You have my sympathy about your problem with deer. They have decimated many of my plants too, especially in very cold winters. Where I live, they are especially fond of arborvitae and holly. They have also nibbled and seriously damaged the bark of numerous young trees.

I have found two solutions to be helpful, one that takes a lot of work and one that is a lot easier. First, in late fall, before the deer have established their winter feeding habits, I have sprayed plants with a homemade hot pepper concoction or hung sacks of Milorganite on branches. These solutions seem to work but are time-consuming, and sacks of Milorganite are kind of ugly hanging from the branches.

More recently, I purchased 100 feet of 4' high black plastic-covered hardware cloth cut in a variety of lengths and used them to surround the plants I know the deer like. Some 2' long pieces are used to surround young tree trunks. Some longer pieces surround a group of shrubs. I have also used sections of decorative black plastic-covered metal fencing sold by Lowe's for the same purpose. The fencing solutions are more attractive (to me anyway) than bags of Milorganite. Here is the Lowe's fence:
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In my gardens, the deer have ignored unprotected spirea, dwarf Alberta spruce, Chaemocyparis, Rose of Sharon and lilacs. They love daylilies, especially the prettiest ones, crape myrtle, hosta, and the flower buds of rhododendrons. So I have used the hot pepper spray on the daylilies as soon as the buds have formed, and the deer have learned to leave them alone. I think the key is to use the spray early to train the deer to stay away.
Carol Sandt

"Experience is the name we give to our mistakes.” - Oscar Wilde
Name: Sean B Murray
Riverhead, NY (Zone 7a)
Plays in the sandbox Xeriscape Herbs The WITWIT Badge Composter Garden Photography
Image
Whitebeard
Feb 4, 2016 12:43 PM CST
Thanks Terri and CS.
T -- I think the mountain laurel is an especially wonderful idea. I have also been thinking about boxwoods which can at least add some bones to the bed. Astilbes will be part of the mix, as they do stand a chance. This fall I planted alliums, and I have a pulmonaria that does well. The thalictrums and trilliums are lovely, and new to me. I'll give them a shot.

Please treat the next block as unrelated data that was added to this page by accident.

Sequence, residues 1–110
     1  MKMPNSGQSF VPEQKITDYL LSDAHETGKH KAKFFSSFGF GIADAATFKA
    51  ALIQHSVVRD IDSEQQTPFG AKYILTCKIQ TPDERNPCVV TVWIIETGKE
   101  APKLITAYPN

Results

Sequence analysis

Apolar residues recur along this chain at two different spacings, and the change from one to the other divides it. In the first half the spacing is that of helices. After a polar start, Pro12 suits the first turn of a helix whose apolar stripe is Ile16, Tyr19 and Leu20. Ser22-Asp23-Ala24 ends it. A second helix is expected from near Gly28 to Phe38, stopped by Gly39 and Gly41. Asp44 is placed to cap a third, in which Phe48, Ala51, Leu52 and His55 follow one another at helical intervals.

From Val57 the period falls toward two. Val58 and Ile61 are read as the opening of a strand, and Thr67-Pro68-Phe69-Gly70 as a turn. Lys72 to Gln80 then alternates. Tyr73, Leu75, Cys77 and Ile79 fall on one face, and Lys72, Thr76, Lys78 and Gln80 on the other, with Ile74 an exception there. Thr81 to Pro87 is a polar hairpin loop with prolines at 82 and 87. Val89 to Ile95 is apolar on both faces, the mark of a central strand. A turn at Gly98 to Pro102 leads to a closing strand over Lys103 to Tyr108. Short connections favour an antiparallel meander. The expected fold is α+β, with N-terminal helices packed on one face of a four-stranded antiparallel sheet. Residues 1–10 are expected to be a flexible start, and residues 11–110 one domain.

I have another bed, farther away from the woods and close to the house that has a camellia and hellebore. I will be putting in more hellebores with that this year. The camellia gets nibbled, but not seriously damaged, yet the deer snag the blooms as quickly as they appear.

CS- I'm especially glad to hear about the rose of Sharon. I have a few that I put in on the side of the house this year. The Chamaecyparis is a surprise to me. I'll need to hunt some down. I have a dwarf Alberta blue spruce in the front which I really like, and am glad to learn of your success with that too. I do spray but that gets expensive and it's always a challenge of timing for me. The fence is a pretty option and I think I might use it in another section of the gardens here.

I hope the next few years with your good advice will yield some nice results. Thanks again.
Name: Terri
Lucketts, VA (Zone 7a)
Region: Mid-Atlantic Dog Lover Lover of wildlife (Raccoon badge) Hellebores Ferns Ponds
Image
aspenhill
Feb 4, 2016 1:10 PM CST
For actual deer repellants, a gardening friend recently recommended a systemic product that she has been using. Unlike sprays, it seems you only need to apply it once a season to the soil around the plants as they are coming out of dormancy. I'm going to try it this year on some of the plants that I still have that the deer find appetizing and see how it does. This is the link to the manufacturer, but it can be bought from many resellers, including Amazon.
http://repellex.com/repellex-systemic-300ct.html
Name: Rosie
HILLSBOROUGH, NC (Zone 7b)
If it sparkles - I'm there!
Region: North Carolina Bookworm
Image
MISSINGROSIE
Feb 14, 2016 10:45 AM CST